PARIS • The pledges came in quick succession.
Mr Francois-Henri Pinault, France's second-richest man, put up an eye-popping €100 million (S$153 million) to rebuild Notre-Dame, just as firefighters were dousing the last flames at the cathedral on Tuesday morning.
Not to be outdone, Mr Bernard Arnault, France's wealthiest scion and a fierce rival to Mr Pinault and to his father, Mr Francois Pinault, upped the ante with a €200 million gift a few hours later.
Another wealthy donor, global cosmetics giant L'Oreal, stepped up. The company's heirs, the Bettencourt-Meyers, announced a €200 million donation for Notre-Dame on Tuesday through the Bettencourt Schueller Foundation.
By Wednesday, the government had welcomed some €850 million offered in the patriotic name of salvaging the cultural treasure, as money from wealthy French families, French companies and international corporations poured in.
But the spectacle of billionaires trying to one-up one another quickly intensified resentment over inequality that has flared during the "yellow vest" movement, just as President Emmanuel Macron was looking to transform the calamity into a new era of national unity.
There were accusations that the wildly rich were trying to wash their reputations during a time of national tragedy.
THE WEALTHY DONORS
Pledge from Mr Bernard Arnault, chief executive officer of LVMH Moet Hennessy Louis Vuitton.
From the heirs of global cosmetics giant L'Oreal, the Bettencourt-Meyers family, through the Bettencourt-Schueller Foundation.
From Mr Francois-Henri Pinault, French luxury group Kering's CEO and France's second-richest man.
Warning against donation scams
PARIS • Fraudsters are taking advantage of the Notre-Dame fire to fool donors into handing over cash in the belief that they are helping to rebuild the gutted Paris cathedral, officials have warned.
The French Heritage Foundation, which has so far collected more than €13 million (S$20 million) from individual donors to help restore the gothic landmark, said any phone or e-mail appeals were fake.
"A number of scams have been flagged to us both in France and abroad," the foundation said on Wednesday, insisting it issues no appeals by phone, mail or e-mail for donations.
"All of these initiatives are fraudulent."
The foundation is accepting donations through its website (don.fondation-patrimoine.org), its Facebook page, PayPal, a Paris metro station and by SMS for those in France.
Culture Minister Franck Riester on Tuesday warned people to be vigilant against websites claiming to support the reconstruction of Notre-Dame, which suffered heavy damage in Monday's blaze.
French President Emmanuel Macron has vowed to rebuild the monument by 2024, when France hosts the Summer Olympics.
"Can you imagine, 100 million, 200 million in one click! It shows the inequalities in this country," said Mr Philippe Martinez, head of the militant CGT labour union.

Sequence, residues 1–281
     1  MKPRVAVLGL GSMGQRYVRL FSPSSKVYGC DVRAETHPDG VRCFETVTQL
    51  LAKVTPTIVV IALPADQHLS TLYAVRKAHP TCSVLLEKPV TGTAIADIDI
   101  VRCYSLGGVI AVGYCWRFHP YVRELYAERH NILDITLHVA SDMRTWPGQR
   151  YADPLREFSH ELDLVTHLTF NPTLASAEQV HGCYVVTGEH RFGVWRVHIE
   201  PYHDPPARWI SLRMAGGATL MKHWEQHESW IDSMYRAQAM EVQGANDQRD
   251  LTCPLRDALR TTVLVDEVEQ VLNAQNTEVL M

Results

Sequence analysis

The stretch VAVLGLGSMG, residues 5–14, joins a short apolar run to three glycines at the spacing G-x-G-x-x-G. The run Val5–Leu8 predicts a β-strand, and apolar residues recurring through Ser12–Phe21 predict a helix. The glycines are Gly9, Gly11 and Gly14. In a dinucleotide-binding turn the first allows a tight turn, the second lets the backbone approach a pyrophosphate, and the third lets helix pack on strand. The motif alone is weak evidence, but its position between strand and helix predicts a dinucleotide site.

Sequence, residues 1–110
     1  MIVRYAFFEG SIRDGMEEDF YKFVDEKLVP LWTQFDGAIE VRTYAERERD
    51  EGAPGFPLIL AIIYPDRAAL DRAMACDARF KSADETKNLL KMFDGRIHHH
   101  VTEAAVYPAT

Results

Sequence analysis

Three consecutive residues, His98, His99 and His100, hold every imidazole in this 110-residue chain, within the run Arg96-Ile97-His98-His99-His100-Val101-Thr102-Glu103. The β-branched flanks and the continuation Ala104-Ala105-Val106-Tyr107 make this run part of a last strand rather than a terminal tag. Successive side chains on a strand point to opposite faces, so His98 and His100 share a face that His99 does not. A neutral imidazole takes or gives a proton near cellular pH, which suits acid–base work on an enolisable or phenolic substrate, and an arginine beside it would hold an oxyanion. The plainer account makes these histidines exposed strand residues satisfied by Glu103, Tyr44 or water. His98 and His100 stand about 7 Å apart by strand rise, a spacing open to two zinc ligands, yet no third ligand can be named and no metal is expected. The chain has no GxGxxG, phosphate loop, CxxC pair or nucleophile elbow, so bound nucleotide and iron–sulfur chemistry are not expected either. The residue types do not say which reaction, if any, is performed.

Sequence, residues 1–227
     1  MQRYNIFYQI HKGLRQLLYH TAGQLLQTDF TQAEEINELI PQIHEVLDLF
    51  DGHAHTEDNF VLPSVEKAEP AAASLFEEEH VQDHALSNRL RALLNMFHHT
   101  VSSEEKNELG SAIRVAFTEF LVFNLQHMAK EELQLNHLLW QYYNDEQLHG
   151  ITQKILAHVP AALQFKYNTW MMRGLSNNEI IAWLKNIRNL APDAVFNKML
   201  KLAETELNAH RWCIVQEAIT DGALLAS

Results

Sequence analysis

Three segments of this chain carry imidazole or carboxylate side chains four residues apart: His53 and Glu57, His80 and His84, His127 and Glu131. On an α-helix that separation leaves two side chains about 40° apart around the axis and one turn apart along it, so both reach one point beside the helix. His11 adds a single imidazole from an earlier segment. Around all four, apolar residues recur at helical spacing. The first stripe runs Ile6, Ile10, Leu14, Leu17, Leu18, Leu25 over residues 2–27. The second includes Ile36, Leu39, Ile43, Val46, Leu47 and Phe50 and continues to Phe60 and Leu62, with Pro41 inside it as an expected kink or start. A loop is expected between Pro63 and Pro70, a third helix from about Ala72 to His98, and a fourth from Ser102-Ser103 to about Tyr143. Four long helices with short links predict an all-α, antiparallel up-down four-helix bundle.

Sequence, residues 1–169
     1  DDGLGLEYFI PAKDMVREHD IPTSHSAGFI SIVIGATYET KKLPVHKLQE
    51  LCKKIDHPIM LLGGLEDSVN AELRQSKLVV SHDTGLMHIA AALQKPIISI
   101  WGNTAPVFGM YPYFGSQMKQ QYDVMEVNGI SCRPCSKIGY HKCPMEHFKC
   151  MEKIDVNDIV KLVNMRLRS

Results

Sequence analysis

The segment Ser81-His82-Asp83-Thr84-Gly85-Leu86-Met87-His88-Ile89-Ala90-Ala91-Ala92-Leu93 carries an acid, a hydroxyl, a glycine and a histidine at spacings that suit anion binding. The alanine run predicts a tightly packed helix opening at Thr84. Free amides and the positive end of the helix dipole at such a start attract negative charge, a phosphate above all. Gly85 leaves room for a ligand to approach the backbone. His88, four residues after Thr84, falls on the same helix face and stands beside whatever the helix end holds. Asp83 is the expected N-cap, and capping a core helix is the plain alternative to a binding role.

"If they're able to give dozens of millions to rebuild Notre-Dame, they should stop telling us that there is no money to pay for social inequalities," he added.
Mr Ollivier Pourriol, a French philosopher and novelist, summed up the sentiment more drolly. "Victor Hugo thanks all the generous donors ready to save Notre-Dame and proposes that they do the same thing with Les Miserables," he wrote on Twitter, referring to another of Hugo's famous novels, about the lives of the poor.
Ms Manon Aubry, a senior figure in France Insoumise, the main radical left party, called the funding an "exercise in public relations".
She said the donors' list "looks like the rankings of companies and people located in tax havens".
The bickering was about as far as possible to imagine from the image of a united France the President painted when he gave a national address on Tuesday. Mr Macron said "it is up to us to transform this catastrophe" into a moment to become "better than what we are".
The firestorm began when Mr Jean-Jacques Aillagon, a former culture minister and now adviser to Mr Francois Pinault, went on Twitter, after Mr Francois-Henri Pinault announced his gift on Tuesday, to suggest that corporate contributions to Notre-Dame's restoration be given a 90 per cent tax deduction, rather than the 60 per cent that corporations normally get for charitable contributions.
"That's when the whole thing exploded," said Mr Pierre Haski, a commentator for France-Inter, the public radio station. "That produced outrage, that this act of generosity turns into fiscal advantage."
The reaction was so intense that Mr Aillagon went on radio on Wednesday morning to retract his suggestion. The Pinault family then announced that they would seek no tax deduction at all for the gift.
"It was very revealing about the sensitivity of the whole issue," Mr Haski said, coming in the midst of a great national debate about the yellow vests and their protests against inequality and fiscal privileges.
When it looked like other wealthy donors might be able to benefit from a generous tax perk for their largesse, Prime Minister Edouard Philippe sought to douse tensions at a news conference on Wednesday.
"We must be delighted that very low-income individuals, very wealthy individuals as well as companies want to participate in the effort to rebuild a cathedral that is at the heart of our history," he said.
In general, many are relieved that Notre-Dame still stands, and if there is now €1 billion to reconstruct it without calling too deeply on an already-stretched national budget, that may be enough. But taxes have been one of the pressing issues in the yellow-vest movement and the one that Mr Macron has had most trouble diffusing.
The companies contributing are among the largest in France and account for tens of thousands of jobs at home and abroad in the luxury, energy and construction industries.
But for many, they are also symbols of an untouchable class of super-rich who keep getting richer, thanks to a host of fiscal advantages.